The air traffic controllers learned a bitter lesson, and a floodgate of attacks opened on the entire labor movement. The employer attacks were coming no matter what, but Reagan used PATCO to send an emboldening message to employers everywhere.
By 1982 PATCO was completely destroyed and organized labor was marched down the concessionary road which has left us halved in size and wrecked at the bargaining table. Forty years after PATCO we are still reeling.
During the 1980s the Reagan juggernaut was so feared that any number of unions surrendered to Reagan again in his 1984 re-election campaign: the Teamsters, the ILA, the Hotel Workers, the Laborers. Several did so on the most opportunistic grounds: an attempt to curry favor in the hope of avoiding federal takeover because of their endemic mob control.
One of the most farcical examples of labor’s attempts to somehow win favor with Reagan’s presidency was an organizing flyer, used by a number of unions, that said “Ronald Reagan is a union man.” They aimed to recruit members by associating themselves with Reagan's presidency of the Screen Actors Guild in the 1950s and early 1960s.
The flyer said, “If [a union’s] good enough for the president of the United States, isn’t it good enough for you?” It was produced after Reagan's even bigger landslide 1984 re-election versus the hapless Democrat Walter Mondale.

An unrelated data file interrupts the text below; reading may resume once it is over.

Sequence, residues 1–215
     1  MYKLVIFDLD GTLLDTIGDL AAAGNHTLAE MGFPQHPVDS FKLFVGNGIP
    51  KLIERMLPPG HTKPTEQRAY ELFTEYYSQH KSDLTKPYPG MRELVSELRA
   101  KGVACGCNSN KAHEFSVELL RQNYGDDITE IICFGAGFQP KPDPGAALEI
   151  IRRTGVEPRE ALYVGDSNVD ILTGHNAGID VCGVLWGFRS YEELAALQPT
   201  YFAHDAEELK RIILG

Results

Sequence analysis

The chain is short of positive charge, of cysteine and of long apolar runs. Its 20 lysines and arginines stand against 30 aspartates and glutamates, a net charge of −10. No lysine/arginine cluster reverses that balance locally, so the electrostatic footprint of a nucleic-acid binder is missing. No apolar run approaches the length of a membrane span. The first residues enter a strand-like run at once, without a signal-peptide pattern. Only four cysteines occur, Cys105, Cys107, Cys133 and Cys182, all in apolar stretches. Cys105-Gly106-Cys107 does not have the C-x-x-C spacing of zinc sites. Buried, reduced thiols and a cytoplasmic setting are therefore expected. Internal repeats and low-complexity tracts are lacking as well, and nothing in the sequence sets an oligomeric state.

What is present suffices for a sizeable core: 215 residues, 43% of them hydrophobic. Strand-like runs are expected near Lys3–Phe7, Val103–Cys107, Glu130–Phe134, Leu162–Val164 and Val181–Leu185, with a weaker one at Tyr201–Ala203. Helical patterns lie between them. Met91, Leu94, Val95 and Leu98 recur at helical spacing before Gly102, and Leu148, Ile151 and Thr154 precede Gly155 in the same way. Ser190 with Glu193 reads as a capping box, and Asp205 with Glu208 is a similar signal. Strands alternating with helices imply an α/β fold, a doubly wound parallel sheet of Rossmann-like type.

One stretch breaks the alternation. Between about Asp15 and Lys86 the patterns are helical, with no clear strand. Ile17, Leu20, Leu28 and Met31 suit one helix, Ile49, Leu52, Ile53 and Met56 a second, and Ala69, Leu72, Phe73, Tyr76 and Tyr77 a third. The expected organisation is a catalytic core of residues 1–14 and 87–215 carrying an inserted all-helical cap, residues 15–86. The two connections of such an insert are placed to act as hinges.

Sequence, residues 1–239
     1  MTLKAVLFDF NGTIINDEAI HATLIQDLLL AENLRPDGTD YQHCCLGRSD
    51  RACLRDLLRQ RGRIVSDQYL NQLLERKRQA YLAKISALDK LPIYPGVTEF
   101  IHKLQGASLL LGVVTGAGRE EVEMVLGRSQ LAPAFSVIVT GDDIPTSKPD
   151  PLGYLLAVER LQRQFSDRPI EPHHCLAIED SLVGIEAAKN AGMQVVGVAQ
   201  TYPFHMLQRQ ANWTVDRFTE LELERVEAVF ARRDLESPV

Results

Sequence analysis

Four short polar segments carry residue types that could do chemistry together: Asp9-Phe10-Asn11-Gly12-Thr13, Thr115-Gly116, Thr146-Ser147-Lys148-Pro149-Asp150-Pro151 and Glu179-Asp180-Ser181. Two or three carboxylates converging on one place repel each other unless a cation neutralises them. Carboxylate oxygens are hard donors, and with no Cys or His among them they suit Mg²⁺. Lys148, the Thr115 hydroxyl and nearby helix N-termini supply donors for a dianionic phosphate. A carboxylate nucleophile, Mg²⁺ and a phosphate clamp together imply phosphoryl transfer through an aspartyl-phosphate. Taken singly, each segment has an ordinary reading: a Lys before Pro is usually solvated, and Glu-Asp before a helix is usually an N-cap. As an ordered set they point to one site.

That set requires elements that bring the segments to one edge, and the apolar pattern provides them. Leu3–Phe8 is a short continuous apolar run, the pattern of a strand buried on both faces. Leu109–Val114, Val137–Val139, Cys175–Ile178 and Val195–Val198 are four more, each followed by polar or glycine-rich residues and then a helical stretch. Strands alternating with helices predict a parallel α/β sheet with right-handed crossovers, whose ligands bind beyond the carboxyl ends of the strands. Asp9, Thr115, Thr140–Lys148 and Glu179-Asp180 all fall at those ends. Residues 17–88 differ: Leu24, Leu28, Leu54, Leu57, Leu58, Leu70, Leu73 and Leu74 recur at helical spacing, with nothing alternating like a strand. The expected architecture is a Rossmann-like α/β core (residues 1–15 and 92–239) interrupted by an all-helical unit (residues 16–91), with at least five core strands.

I was briefly a Food and Commercial Workers member, and I remember being handed a copy of this flyer in the union office in Schenectady, New York. The union organizer waited for my reaction and for at least 10 minutes I thought that it was a crank flyer. He assured me that it was real.
This flyer was a symbol of everything that was failed about labor’s approach to both Reagan and the concessions attack, so I have kept it all these years as a reminder to be vigilant against any repeat.
As we approach November, union after union now grapples with the significant support for Trump that exists within most unions. Beyond being a perennial embarrassment, opinion polls of union members reveal over and over again the problem of millions of members embracing our political enemies. How do we recognize this and challenge it effectively? Some crash courses in labor education, history, and principles might be a start. Election after election we are stuck with significant chunks of members who make self-destructive choices at the ballot box, but few unions then devise long-term means to hit this head-on.
As we move toward the coming election and face the building concessionary attacks, this is a cautionary tale about desperation, corruption, ignorance, fear, and cheap opportunism by some in our movement. It is a flashback that the only way to oppose concessions is to oppose concessions—and all who embrace them, push them, or surrender to them.
Chris Townsend is the Director of New Organizing at the Amalgamated Transit Union.